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Old 03-02-2015, 11:21 AM
 
Location: SW MO
23,605 posts, read 31,492,863 times
Reputation: 29076
Quote:
Originally Posted by mathjak107 View Post
but many americans do have choices and while they are underfunded at 62 they can be fully funded for retiring at 70. sure it would be nice to retire early but if you can't afford it working longer can be the great fixer.

but i guess you have to be able to afford to buy the book .
Working longer is neither possible nor viable for many if not most. Life is what happens when you've made other plans and many variables, including illness and disabilities as well as family genetics and longevity history tend to have a habit of getting in the way.

The last line is insulting and I can only suppose, purposely so. Neither kind nor helpful. Most of all, not necessary and hurtful
Quote:
Originally Posted by bUU View Post
The point was to consider the reality of a woman who, despite working all her life as much as the labor market offered employment, reaches the point in her life when she is no longer physically capable of working. I'm sorry that got lost in translation. As you point out, the people we're talking about need to be able to afford to buy the book, but more importantly the book needs to have an action plan in it that our relies on the what our nation's economy and labor market actually offer, covering a period from the present day to just before they lose the ability to work. Short of that, it's worth as much as random typing on a page.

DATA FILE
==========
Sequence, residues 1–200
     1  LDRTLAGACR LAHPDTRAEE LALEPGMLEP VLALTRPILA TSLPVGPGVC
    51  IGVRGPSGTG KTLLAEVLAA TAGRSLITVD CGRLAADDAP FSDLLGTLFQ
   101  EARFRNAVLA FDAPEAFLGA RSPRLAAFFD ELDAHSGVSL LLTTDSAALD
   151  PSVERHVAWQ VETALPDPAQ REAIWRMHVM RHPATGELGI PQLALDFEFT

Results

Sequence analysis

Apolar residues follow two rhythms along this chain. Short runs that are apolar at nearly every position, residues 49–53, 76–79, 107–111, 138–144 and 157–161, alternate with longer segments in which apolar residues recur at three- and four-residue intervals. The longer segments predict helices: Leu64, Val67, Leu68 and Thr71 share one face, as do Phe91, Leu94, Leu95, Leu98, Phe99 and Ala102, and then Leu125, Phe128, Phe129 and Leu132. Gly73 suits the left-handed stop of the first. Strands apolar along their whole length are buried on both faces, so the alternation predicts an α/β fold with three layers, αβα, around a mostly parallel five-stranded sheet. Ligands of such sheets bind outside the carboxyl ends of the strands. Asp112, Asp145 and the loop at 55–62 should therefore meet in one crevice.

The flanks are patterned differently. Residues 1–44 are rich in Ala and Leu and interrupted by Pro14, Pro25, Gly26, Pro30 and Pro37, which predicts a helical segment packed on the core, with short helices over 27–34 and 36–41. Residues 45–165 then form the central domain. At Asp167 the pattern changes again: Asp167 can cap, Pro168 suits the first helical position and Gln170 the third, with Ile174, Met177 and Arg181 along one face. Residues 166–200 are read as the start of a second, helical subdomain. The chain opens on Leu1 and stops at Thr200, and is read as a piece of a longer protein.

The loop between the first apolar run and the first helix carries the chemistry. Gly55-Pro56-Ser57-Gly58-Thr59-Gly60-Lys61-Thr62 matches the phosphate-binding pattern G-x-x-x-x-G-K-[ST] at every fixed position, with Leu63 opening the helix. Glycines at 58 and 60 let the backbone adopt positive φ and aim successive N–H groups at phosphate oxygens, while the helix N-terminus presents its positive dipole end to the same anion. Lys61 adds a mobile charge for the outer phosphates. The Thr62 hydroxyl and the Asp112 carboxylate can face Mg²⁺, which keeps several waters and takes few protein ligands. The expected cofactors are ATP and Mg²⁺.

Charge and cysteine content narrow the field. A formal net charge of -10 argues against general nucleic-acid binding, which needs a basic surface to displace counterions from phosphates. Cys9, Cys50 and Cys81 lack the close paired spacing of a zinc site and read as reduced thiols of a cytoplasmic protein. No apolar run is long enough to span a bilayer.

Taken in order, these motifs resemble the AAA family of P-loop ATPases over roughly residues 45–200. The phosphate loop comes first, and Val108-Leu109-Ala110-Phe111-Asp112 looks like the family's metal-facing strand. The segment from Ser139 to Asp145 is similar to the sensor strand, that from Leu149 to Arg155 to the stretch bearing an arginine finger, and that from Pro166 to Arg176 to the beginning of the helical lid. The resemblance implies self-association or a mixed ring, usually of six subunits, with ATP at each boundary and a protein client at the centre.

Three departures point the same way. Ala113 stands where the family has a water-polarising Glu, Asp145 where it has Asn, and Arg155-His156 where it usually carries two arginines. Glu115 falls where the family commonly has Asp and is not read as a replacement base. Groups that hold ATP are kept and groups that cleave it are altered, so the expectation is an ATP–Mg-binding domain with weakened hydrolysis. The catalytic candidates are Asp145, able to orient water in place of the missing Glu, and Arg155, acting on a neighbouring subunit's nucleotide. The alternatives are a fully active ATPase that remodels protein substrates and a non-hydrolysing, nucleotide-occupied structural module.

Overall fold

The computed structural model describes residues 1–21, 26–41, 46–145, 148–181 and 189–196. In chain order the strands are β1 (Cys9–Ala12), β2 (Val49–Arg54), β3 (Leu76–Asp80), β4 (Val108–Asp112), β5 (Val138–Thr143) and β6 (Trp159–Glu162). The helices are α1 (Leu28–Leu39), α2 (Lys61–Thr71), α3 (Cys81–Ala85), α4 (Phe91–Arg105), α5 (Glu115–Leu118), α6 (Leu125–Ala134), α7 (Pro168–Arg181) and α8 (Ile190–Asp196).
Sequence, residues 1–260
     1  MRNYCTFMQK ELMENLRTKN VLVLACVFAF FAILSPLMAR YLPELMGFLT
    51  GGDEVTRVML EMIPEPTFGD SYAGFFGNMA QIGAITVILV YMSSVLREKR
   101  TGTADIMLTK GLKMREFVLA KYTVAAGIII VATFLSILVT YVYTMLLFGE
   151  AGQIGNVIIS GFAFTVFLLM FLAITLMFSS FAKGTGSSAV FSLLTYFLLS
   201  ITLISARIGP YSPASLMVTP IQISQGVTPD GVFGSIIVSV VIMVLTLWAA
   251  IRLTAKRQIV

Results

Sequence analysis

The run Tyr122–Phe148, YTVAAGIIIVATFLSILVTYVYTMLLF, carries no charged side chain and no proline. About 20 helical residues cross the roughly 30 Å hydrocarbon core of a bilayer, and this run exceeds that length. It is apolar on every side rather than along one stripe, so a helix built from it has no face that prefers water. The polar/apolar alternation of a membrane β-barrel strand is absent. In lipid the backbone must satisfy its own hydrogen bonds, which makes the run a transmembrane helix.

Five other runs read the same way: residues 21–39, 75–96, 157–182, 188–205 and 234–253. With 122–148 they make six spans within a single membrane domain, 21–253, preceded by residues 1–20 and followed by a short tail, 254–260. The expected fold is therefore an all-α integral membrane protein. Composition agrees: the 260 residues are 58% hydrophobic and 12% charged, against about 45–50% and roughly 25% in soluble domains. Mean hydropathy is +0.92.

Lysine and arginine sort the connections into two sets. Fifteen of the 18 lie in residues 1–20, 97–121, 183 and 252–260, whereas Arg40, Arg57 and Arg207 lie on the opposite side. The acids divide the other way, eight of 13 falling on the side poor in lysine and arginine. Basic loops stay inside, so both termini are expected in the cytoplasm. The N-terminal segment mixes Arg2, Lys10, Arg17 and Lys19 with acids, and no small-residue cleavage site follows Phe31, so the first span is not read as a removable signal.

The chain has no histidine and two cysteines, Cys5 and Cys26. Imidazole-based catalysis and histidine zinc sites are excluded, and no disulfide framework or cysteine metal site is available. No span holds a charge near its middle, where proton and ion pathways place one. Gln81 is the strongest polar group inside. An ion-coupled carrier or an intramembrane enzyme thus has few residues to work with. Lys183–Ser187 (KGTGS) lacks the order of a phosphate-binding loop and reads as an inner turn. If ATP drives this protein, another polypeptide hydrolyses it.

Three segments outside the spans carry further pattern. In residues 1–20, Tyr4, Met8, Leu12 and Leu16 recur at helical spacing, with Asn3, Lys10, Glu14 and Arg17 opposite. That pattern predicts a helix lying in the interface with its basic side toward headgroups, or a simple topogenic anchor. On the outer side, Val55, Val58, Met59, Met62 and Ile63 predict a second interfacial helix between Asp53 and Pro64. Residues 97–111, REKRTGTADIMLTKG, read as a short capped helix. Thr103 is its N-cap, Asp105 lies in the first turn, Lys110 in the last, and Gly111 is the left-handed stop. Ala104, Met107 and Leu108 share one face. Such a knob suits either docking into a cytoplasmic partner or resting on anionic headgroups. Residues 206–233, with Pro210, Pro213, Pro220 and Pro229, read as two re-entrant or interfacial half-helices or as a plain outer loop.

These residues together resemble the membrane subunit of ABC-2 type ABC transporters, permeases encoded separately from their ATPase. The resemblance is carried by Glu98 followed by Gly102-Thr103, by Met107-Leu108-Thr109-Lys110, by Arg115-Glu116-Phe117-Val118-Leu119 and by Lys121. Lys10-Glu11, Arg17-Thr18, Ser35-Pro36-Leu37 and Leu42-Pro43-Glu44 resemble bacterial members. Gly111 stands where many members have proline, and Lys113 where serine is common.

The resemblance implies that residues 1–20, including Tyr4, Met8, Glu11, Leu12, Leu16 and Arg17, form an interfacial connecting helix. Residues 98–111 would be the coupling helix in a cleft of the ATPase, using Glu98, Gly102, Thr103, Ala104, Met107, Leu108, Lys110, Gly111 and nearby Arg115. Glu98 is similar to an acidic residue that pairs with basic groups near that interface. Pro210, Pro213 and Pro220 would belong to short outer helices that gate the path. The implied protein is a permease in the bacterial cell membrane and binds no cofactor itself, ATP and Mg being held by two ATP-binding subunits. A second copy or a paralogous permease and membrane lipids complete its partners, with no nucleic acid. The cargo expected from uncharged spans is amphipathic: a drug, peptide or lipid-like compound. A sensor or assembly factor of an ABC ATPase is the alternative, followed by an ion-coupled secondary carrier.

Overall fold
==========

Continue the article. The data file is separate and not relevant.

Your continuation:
Needless to say, the problem in that scenario is what our nation's economy and labor market actually offer. We cannot go back in time and fix those inadequacies so all we can do is fix them now and make up for past inadequacies through other, less efficient, means, even if some don't like having to do so.
Good observations and quite right. I'm right with you on this one.

Last edited by Curmudgeon; 03-02-2015 at 11:54 AM..
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Old 03-02-2015, 11:43 AM
 
Location: State of Being
35,885 posts, read 67,179,255 times
Reputation: 22373
Excuse me, but to my understanding . . . and I am sure someone will correct me if I am wrong . . . but LTC insurance only pays for a specific time period. It doesn't pay for 20 years of nursing home care!

At some point, every policy is going to run out and to qualify for Medicaid coverage, there is still going to be a spend down.

So for folks that are going to need less than 36 month's nursing home care, yes, that would be helpful but for people who will be in a skilled nursing home setting til they die - and that could be decades! - there still has to be a spend down of assets.